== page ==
Race News

Anna van der Breggen Takes the Gold in the Women’s Road Event at Rio 2016

What a dramatic and exciting event that was!

One of the first major events of the Rio 2016 Olympics was the women’s road race, with drama and excitement right from the word “Go!”

With the Rio road course having some of the riders biting their nails in the lead up, the general consensus was that this would be a true test of skill and stamina. Before the race, reigning gold medallist, Marianne Vos said: “In Rio, the climb in the final section is really difficult – like a mountain stage –so it’s going to be interesting!”

Rio Games Women’s Cycling Schedule

Having had a hellish start to the week, Lizzie Armitstead was the focus of attention. After missing 3 drug tests in 12 months, she was finally cleared to race in the Games just days beforehand. With her reputation being thrown into question, we can only imagine the mental and emotional upset that could have caused.

Having just missed out on gold in London 2012 to Marianne Vos,  Lizzie went into the race as a top favourite to win, along with Megan Guarnier.

Rio 2016: Women’s Road Event

Rio 2016 Road Event Course Map

With 68 of the world’s best female road cyclists taking to the start line, the women’s road race got underway.

Nearly as soon as they had set off, disaster struck for Lizzie Armitstead who suffered a puncture unknown to her team mate, Emma Pooley who had stormed up the fist mini-climb.

Back on the bike, Lizzie had to play a serious game of catch up to the peloton that was no where in sight.

Throughout the intense and challenging course, multiple attacks were being made in order to gain any advantage in this iconic and World rewarding race. Young Lotte Kopecky (BE) made the first big break of the day, an aggressive push without support with just over 100km to go.

Brazil. (Photo by Bryn Lennon/Getty Images)

Germany’s Romy Kasper lead the chase and made a break to catch up to Kopecky who had a 2 minute advantage.

After the cobble section where a lot of bottles were lost, Kasper was swallowed up by the peloton who storm after Kopecky.

Ellen van Dijk (NL), Bronzini (IT) and Plichta (PL) lead the chase on Kopecky, while Pooley (GB) lead the peloton up the climbs.

After an impressive lead on the peloton, Pooley and the women closed in on Kopecky and envelop her into the group with just 66km to go.

With 56km remaining, all three British women – Lizzie Armitstead, Nikki Harris and Emma Pooley were in contention in the peloton. There’s everything to play for as the race headed away from the Grumari circuit and those cobbles, and on their way to the dreaded Vista Chinesa climb.

Photo by Eric Gaillard-Pool/Getty Images

A new break from Vos (NL), Ferrand Prevot (FR), Cecchini (IT), Worrack (DE), Elvin (AUS), Jasinska (PL) and Vekemans (BE) went with 32km to go, the leaders held a gap with over 1 minute on the peloton.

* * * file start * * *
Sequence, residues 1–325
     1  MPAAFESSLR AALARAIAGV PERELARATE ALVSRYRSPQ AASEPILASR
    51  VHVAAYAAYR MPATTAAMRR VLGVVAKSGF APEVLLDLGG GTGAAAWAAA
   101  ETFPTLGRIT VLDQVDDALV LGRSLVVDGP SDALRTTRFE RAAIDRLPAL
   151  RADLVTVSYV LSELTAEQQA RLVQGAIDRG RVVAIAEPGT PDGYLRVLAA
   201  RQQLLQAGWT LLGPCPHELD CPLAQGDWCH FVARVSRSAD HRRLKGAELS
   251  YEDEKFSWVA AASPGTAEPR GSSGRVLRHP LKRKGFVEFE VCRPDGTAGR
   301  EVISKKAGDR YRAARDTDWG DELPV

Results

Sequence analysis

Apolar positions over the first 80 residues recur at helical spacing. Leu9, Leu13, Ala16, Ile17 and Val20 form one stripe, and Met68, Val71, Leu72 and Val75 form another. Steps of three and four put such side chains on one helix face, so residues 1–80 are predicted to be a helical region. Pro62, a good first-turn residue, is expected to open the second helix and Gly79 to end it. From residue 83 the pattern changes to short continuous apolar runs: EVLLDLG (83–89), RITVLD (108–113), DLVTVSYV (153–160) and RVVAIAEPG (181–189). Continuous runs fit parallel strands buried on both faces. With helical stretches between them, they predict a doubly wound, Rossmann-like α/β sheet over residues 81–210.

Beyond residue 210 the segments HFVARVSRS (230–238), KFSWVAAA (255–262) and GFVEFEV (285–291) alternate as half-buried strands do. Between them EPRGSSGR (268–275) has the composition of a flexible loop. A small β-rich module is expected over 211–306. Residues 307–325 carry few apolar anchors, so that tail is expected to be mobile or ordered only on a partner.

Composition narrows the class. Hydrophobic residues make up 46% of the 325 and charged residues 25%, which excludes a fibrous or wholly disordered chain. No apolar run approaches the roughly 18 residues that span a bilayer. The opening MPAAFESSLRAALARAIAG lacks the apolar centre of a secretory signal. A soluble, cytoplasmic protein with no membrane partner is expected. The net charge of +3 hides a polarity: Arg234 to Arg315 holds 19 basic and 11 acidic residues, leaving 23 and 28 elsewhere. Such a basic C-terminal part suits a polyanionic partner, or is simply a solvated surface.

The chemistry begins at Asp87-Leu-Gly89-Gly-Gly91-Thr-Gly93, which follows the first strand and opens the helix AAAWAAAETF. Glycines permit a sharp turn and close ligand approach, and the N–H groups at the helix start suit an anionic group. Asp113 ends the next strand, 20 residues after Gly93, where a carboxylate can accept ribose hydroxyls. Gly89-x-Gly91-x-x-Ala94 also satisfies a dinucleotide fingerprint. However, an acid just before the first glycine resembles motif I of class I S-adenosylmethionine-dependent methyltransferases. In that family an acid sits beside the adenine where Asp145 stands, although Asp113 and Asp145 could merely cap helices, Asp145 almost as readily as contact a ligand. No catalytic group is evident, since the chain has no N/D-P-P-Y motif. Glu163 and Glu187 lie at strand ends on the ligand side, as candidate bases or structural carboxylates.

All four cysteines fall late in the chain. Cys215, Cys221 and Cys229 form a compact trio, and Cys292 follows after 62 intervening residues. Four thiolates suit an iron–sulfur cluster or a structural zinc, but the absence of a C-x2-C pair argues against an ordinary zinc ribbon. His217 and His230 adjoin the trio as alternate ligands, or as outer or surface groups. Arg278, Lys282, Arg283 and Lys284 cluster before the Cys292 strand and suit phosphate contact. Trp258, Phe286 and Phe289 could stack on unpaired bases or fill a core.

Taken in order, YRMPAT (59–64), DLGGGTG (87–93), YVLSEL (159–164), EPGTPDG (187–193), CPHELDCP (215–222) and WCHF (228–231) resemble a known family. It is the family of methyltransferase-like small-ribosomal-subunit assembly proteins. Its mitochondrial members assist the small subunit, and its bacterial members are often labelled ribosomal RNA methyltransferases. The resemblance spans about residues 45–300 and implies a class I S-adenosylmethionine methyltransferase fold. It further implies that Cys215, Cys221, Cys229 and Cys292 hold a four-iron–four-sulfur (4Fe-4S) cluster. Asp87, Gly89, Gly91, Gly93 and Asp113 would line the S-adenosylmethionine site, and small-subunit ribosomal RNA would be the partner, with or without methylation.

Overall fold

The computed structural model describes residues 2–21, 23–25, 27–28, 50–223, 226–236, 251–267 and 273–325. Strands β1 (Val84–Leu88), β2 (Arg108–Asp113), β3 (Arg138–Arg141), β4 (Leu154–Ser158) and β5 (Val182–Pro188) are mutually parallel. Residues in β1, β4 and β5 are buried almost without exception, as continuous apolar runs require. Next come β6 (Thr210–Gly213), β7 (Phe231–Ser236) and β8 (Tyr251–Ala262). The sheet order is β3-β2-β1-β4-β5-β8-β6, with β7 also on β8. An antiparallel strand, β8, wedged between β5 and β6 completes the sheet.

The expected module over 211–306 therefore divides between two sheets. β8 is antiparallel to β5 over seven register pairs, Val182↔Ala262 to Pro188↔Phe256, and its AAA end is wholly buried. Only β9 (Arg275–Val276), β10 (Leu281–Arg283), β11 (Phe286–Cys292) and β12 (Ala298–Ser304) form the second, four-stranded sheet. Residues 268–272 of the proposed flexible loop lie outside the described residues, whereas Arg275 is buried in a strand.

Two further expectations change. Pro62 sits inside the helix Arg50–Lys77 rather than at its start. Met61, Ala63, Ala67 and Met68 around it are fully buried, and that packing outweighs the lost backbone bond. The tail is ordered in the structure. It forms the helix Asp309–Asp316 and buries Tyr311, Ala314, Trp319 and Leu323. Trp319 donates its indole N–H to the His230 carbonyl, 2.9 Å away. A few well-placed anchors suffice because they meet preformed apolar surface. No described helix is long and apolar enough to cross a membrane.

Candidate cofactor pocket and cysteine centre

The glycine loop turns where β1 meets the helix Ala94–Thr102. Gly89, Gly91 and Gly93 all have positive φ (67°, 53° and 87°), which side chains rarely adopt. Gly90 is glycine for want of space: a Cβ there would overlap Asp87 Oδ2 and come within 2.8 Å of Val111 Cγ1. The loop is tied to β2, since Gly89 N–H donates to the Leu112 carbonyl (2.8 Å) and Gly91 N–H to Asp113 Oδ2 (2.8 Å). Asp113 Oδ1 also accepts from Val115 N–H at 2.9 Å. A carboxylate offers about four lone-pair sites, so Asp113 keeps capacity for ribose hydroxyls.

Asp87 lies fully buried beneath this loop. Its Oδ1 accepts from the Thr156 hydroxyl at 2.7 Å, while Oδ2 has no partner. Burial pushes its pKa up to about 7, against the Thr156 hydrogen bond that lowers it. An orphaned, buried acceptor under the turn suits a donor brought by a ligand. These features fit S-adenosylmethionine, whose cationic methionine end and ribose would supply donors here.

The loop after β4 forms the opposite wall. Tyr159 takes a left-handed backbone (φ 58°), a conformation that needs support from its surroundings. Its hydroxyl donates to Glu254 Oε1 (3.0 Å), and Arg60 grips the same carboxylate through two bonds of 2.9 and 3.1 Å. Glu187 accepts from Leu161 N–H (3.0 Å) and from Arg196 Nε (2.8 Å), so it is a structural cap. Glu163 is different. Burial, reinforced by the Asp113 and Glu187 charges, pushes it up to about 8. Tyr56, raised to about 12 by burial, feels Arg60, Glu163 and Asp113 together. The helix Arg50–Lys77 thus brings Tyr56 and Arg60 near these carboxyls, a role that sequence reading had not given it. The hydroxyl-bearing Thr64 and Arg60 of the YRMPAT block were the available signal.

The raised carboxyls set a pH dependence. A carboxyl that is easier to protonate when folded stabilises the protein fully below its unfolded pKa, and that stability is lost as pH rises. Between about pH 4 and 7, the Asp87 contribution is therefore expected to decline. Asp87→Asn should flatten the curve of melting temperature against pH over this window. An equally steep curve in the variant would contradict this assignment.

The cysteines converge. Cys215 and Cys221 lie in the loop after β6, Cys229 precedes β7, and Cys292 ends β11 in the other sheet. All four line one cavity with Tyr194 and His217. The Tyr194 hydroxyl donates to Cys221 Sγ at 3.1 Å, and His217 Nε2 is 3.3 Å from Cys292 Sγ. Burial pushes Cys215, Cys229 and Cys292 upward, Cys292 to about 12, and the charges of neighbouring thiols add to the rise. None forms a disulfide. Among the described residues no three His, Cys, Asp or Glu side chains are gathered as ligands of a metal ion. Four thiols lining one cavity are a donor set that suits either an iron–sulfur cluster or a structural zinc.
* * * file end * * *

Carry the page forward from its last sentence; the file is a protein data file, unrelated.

With 20km to go, Armitstead held pace in the third group, about 10 seconds behind the first set of chasers and another 10 behind our leaders Abbott (USA), van der Breggen (NL) and van Vleuten (NL) and Longo Borghini (IT).

Van Vleuten (NL) and Abbott (USA) cleared the group and powered up the switchback climb.

The following descent was steep, fast and very tight. With all eyes on the leading two, Abbott (USA) decided to play it safe while Van Vleuten (NL) tore off ahead of the camera crew, only to be spotted a little later after having a serious crash – we hope she’s ok. Recent reports suggest she was conscious on the way to hospital.

With Mara Abbott (USA) in the lead through the final stretch, she was giving it her all, getting out of the saddle to make sure she got every ounce of strength from her legs. The American had a gap of 35 seconds from the chasing group, and held on as best as she could in the final few kilometres.

But it was Anna van der Breggen (NL) who made the sprint in the final few hundred metres and secured herself the Gold Medal, with Sweden’s Emma Johansson taking silver and Elisa Longo Borghini (IT) taking home the bronze.

Post-Race Comments

Missing out on the medals, British athlete Lizzie Armitstead came in 5th and spoke about the race:

“I did exactly what I wanted to do in the race, I didn’t panic on the climb and limited as much as I could for my losses, I knew I could never follow the best climbers in the world up there so I just never gave up. It’s something I’ve been working on for months now, my climbing and I knew what I was capable of, I knew what I had in my legs and I did as best as I could. I’m just knackered!” – Lizzie Armitstead, 5th place in Rio 2016

Such a difficult and challenging course for the athletes today, but with everything to gain, every cyclist put in their everything.

We’re excited to get stuck into the women’s time trial on August 10th. Don’t miss it!
















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